Traveling through rural China on bumpy dirt and paved roads is a sign of forward progress. A good thing as far as travel goes, but is it necessarily good for the old world values and uncomplicated society? Paved roads mean easy access. It means potential prosperity. It also means change. I this kind of change a good thing from a cultural point of view? From the outside looking, I’d have to say ‘no’, but who am I to make this call. I haven’t grown up in this environment which from the looks of it, can be extremely harsh and difficult. Each time I visit these types of places, it always makes me take a step back and wonder how different things could’ve been had my Great-Grandfather hadn’t made that brave voyage over the Pacific Ocean back in 1889 to start a new life for his family in San Francisco.
My approach to visiting these small villages is one of respect. When I see kids going about themselves playing in the most simple ways and finding such joy in it without the distractions of video games or even a basketball or baseball field to spend hours playing with friends, it takes me back a bit. Perhaps this is why I am so drawn to kids in the villages. I try to be invisible while being the present while strolling the lanes and alleyways where village life happens before me. My clothing is a dead giveaway (not to mention a huge camera slung around my neck) that I am not from around these parts; something tells me that everyone knows everyone (in the village) no matter how large they may be. It’s more experiential for me. This has turned out to be the primary motive, photography secondary. It wasn’t this way in the beginning. It’s more thoughtful of me now. It’s more contemplative. I find myself trying to arrive with little notice (physically) as possible … which is often impossible, but to not raising the camera so quickly and just allowing the experience to organically develop. Sure, I miss photo ops here and there by doing so, but in the end, I think it much more meaningful as I slow down and let the experience of just being there cover me with a sense of gratitude.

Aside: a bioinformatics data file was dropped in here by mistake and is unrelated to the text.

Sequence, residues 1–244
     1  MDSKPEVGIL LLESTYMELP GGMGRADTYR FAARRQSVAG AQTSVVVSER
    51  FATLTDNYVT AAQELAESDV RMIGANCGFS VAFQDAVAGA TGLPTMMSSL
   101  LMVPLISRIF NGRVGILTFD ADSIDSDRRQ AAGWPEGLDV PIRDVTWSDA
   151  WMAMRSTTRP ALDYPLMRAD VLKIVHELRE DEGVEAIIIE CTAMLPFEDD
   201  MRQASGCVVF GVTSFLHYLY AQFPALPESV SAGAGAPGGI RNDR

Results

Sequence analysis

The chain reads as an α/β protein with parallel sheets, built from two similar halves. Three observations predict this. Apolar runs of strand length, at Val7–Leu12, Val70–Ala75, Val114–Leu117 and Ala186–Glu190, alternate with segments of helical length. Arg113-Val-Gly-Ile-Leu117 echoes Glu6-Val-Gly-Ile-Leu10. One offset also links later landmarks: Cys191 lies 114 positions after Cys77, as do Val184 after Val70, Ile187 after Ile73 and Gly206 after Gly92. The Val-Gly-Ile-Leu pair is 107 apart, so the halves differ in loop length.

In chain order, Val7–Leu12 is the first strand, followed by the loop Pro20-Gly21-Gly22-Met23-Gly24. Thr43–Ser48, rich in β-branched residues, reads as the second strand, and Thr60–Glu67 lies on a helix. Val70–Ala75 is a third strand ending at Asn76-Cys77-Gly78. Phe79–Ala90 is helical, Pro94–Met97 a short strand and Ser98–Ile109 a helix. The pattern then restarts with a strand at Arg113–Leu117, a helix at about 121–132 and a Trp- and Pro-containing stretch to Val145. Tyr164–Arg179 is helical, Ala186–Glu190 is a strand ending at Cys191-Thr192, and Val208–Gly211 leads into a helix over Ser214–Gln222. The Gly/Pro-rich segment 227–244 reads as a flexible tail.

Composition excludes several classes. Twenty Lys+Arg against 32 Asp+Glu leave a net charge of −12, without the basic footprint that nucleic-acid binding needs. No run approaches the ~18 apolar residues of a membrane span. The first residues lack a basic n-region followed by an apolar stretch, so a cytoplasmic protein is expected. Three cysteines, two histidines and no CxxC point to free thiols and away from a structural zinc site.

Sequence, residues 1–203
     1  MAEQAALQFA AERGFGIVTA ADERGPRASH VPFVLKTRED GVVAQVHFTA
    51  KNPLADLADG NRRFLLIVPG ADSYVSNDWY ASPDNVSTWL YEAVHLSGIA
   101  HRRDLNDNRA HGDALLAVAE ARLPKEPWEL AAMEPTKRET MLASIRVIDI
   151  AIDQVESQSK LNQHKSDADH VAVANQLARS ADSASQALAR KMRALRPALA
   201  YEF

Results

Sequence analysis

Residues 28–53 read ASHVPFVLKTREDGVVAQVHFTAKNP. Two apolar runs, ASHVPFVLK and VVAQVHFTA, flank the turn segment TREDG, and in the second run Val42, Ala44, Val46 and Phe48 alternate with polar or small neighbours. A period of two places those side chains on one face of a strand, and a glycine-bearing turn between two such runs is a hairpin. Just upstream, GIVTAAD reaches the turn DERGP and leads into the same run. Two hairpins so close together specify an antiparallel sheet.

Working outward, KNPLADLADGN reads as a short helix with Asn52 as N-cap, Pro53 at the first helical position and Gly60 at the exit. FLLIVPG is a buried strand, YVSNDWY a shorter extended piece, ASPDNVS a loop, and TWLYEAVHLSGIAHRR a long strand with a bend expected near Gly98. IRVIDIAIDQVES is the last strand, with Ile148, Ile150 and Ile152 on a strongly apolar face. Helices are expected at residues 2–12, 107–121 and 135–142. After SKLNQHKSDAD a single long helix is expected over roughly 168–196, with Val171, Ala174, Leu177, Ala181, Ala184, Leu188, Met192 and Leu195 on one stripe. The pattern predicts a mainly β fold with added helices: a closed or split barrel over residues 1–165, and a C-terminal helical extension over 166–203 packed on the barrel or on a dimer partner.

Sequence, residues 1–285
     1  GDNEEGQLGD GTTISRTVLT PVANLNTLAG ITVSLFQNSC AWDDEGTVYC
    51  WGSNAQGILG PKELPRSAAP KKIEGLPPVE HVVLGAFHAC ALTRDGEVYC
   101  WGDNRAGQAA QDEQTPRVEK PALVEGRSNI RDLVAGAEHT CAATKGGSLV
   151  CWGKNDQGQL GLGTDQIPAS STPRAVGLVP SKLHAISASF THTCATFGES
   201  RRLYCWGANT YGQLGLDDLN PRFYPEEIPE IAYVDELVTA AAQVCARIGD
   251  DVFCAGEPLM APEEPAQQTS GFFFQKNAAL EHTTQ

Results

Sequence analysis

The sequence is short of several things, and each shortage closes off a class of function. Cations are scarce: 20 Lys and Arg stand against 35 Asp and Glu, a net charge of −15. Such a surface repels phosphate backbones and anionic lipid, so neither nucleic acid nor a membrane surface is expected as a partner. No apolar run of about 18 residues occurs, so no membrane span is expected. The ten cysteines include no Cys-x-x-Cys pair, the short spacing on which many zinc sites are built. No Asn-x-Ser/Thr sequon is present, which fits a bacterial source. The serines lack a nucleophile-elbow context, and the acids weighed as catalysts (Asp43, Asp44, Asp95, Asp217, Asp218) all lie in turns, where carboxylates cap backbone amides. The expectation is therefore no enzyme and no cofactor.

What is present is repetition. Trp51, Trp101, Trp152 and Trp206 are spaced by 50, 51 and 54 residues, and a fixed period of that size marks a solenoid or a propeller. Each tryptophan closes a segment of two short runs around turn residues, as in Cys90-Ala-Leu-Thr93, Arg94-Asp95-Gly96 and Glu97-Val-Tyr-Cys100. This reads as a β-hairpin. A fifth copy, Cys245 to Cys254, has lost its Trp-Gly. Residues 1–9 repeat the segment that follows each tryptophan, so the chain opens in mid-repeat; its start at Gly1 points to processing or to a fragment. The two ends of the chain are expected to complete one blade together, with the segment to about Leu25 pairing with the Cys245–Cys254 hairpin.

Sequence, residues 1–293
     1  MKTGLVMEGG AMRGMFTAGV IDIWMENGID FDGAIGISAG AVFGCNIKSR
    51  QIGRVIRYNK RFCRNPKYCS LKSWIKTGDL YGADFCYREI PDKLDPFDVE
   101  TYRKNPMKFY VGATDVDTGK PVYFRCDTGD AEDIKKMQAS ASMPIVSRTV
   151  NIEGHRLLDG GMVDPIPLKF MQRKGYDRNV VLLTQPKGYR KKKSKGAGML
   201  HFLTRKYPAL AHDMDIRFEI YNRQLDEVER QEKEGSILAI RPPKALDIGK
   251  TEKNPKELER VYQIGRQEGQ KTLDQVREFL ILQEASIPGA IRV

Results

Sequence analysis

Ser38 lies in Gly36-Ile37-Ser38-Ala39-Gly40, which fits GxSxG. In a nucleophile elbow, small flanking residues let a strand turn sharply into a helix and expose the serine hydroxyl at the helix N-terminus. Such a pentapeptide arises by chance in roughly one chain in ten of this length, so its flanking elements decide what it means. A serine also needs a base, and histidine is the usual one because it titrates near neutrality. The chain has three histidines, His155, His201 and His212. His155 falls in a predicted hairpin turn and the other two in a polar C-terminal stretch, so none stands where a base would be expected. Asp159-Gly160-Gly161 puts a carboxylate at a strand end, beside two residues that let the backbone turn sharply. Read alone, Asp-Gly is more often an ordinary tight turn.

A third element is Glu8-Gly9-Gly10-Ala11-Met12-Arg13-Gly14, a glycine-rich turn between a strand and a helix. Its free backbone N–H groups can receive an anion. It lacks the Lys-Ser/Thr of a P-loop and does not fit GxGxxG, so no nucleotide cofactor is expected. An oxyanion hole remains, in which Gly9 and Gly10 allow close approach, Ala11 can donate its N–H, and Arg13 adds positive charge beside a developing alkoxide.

We arrive in Zhaoxing in the Guizhou province. You get a strong sense of commercialism with every entry fee paid to places like these. Entry fees signals tourism. I also think the near complete bullet train station a few kilometers from the entrance was a tip-off to planned expansion as well. No cars allowed in the village itself – a good thing, but it felt a little strange being shuttle off to our guesthouse in an electric golf cart as we pass several shops and cafes resembling the likes of Lijiang (an perfect example of over-tourism) – they even had a KTV at the edge of town! As we make our way down “Main Street” of the village, it grew more and more local. This being a Dong village, there were several Drum Towers – 5 I believe, so it was a pretty substantially sized village. It set inside of a valley. We arrive at our guesthouse called the Indigo. It appeared to be fairly new and updated, complete with western style loo. The room smelled of freshly cut Pine wood … mmmmm …
… leaving that KTV on the other end of town, local life was vibrant and at ease. The weather had been threatening since our arrival a couple of days ago and finally broke into a full on rain during our time here. With wrapped lenses, taking the the lanes was mandatory. Quiet life was in order – even with the downpour over the next couple of days. We managed to hide under cover and still captured photographic moments. At one point, while situated on a bridge in the heart of town, we had a photo session with a young Dong woman in full traditional festive dress. Stunning the say the least. Shortly upon the start, a small group of Chinese tourists walked up and start in with their camera’s. I didn’t care too much until they started to muscle their way into my shots. I finally got frustrated, lost a bit of my cool and yelled out “走吧！” complete with wrinkled forehead and stern motion for them to get out of the way. They scampered out of the way quickly like a mouse on fire, but of course tried to weasel back into the shot. They finally left and it was back to business. I kinda surprised myself at my reaction to their rudeness. Rudeness met with rudeness, I guess. Jiayou!